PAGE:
Working with Lottie 18 Aug 2020  ■ Comments

Using Lottie Animations in watchOS

Not a fan of reading? You can watch this video instead!

Lottie animations have changed your life, adding magic to dazzle your users has suddenly become effortless for developers. And now, you, your team, your friends, your partner, kids, and maybe even your dog are all using cool animations everywhere! It’s so beautiful! 😭

Lottie supports Web, Android, iOS, Desktop and even Multi-Platform. So basically everything, right? 😁

If you have been using the Lottie Library by Airbnb, life has been treating you good... well, until you reach the point where you need to add some this magic to your Apple Watch apps and you realise it’s not supported. And then this is how you react:

This article is here to give you peace of mind, and show you how to support Lottie animations in your watchOS apps. 😁

Getting started

Ok, so to begin, we need to understand that the Lottie library by Airbnb doesn’t support watchOS, and the reason is because it requires CoreGraphics in order to render the animations and the framework is not part of the watchOS bundle.

But don’t worry, we have alternatives and that’s what we are covering here today.

To get started, create a new Xcode project for watchOS (it doesn’t really matter how you decide to do it, if it’s a Standalone app or an extension of your iOS app).

Once the project is created, close it and in terminal navigate to the root folder of the project. Then initiate CocoaPods for the project with the following:

pod init

Then open the Podfile using your editor of choice. Here we will add the required pods to our watchOS extension target.

target 'LottieTutorialWatchOS WatchKit Extension' do
  platform :watchos, '6.0'
  pod 'SDWebImageLottieCoder', '~> 0.1.0'

Then back to terminal, install the pods with:

pod install

Once it’s done installing the dependencies, open your project using the xcworkspace file.

At this stage, you should try to build the project using CMD+B to make sure everything is in order.

. . .

You may encounter an issue compiling the pods like the one I've shown in this image below 👇

If you do encounter this issue, simply navigate to rlottie_capi.h file and replace the following line.

// from
#include <rlottiecommon.h>
// to
#include "rlottiecommon.h"

Try to build again and everything should be fine. 😊

. . .

Implementing on watchOS with Storyboards

At this stage, you have everything set and it’s finally time for some fun!

Start by opening the storyboard and adding an InterfaceImage and connect it to your InterfaceController class.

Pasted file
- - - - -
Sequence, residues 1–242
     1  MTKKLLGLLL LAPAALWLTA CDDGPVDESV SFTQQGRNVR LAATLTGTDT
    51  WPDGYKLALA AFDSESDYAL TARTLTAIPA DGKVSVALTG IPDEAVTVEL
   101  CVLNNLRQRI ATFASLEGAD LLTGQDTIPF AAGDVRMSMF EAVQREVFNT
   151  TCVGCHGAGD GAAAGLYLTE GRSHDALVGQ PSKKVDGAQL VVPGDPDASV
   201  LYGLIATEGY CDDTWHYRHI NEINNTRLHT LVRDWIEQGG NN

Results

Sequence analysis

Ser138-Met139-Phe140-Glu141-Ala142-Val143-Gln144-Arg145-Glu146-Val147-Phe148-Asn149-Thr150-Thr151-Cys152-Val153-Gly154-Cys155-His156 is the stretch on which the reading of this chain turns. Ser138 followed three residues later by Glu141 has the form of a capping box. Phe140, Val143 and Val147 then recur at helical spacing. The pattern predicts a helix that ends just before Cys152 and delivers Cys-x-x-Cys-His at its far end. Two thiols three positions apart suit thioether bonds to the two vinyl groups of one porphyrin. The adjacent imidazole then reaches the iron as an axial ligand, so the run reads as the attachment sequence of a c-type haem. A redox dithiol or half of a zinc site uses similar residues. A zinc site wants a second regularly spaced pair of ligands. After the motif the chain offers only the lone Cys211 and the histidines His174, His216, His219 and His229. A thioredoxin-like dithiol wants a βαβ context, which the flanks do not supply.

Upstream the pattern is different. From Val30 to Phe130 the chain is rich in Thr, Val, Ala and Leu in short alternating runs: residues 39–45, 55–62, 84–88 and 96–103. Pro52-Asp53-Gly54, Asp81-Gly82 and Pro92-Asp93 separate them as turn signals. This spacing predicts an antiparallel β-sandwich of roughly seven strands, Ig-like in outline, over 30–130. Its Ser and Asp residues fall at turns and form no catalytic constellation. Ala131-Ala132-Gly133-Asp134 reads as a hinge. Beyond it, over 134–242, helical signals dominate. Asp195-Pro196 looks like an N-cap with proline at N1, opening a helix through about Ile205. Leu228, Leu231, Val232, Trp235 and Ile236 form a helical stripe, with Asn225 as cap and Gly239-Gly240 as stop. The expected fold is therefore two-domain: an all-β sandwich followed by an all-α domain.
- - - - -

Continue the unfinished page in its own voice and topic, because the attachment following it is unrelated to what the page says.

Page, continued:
Then, navigate to InterfaceController.swift and start by importing SDWebImageLottieCoder.

import SDWebImageLottieCoder

Now, we are going to start adding our animation configuration. First step is to add the variables to support our implementation. Add this right after closure of awake func.

// MARK: - Animation
private var coder: SDImageLottieCoder?
private var animationTimer: Timer?
private var currentFrame: UInt = 0
private var playing: Bool = false
private var speed: Double = 1.0

Having that set, let’s load the animation data.

/// Loads animation data
/// - Parameter url: url of animation JSON
private func loadAnimation(url: URL) {
  let session = URLSession.shared
  let dataTask = session.dataTask(with: URLRequest(url: url)) { (data, response, error) in
    guard let data = data else { return }
    DispatchQueue.main.async {
      self.setupAnimation(with: data)

Then we configure the animation with the loaded data:

/// Decodify animation with given data
/// - Parameter data: data of animation
private func setupAnimation(with data: Data) {
  coder = SDImageLottieCoder(animatedImageData: data, options: [SDImageCoderOption.decodeLottieResourcePath: Bundle.main.resourcePath!])
  // resets to first frame
  currentFrame = 0
  setImage(frame: currentFrame)

After this, we set the current frame into the WKInterfaceImage:

/// Set current animation
/// - Parameter frame: Set image for given frame
private func setImage(frame: UInt) {
  guard let coder = coder else { return }
  imageView.setImage(coder.animatedImageFrame(at: frame))

And here’s how we can play/pause our animations:

/// Start playing animation
private func play() {
  playing = true
  animationTimer = Timer.scheduledTimer(withTimeInterval: 0.05/speed, repeats: true, block: { (timer) in
    guard self.playing else {
/// Pauses animation
private func pause() {
  playing = false

Then we setup the looping and next frame configuration:

/// Replace current frame with next one
private func nextFrame() {
  guard let coder = coder else { return }
  currentFrame += 1
  // make sure that current frame is within frame count
  // if reaches the end, we set it back to 0 so it loops
  if currentFrame >= coder.animatedImageFrameCount {
    currentFrame = 0
  setImage(frame: currentFrame)

And finally, we request our animation from awake function:

override func awake(withContext context: Any?) {
  super.awake(withContext: context)
  loadAnimation(url: URL(string: "")!)

If you followed all the instructions above (and well, if you also didn’t decide to rebel and go off on your own implementation half way 🤓) this is what you should see:

Awesome, right? Now, your watchOS apps are ready for magic, so let’s get creative! 🤩 You can find the full code here.


This implementation is using rlottie framework (by Samsung) instead of Lottie (by Airbnb), which means that instead of rendering vectors, we are rendering the animations into rasterized bitmaps, frame by frame. This means that some animations might not load the same as they do using vectors.

iOS Developer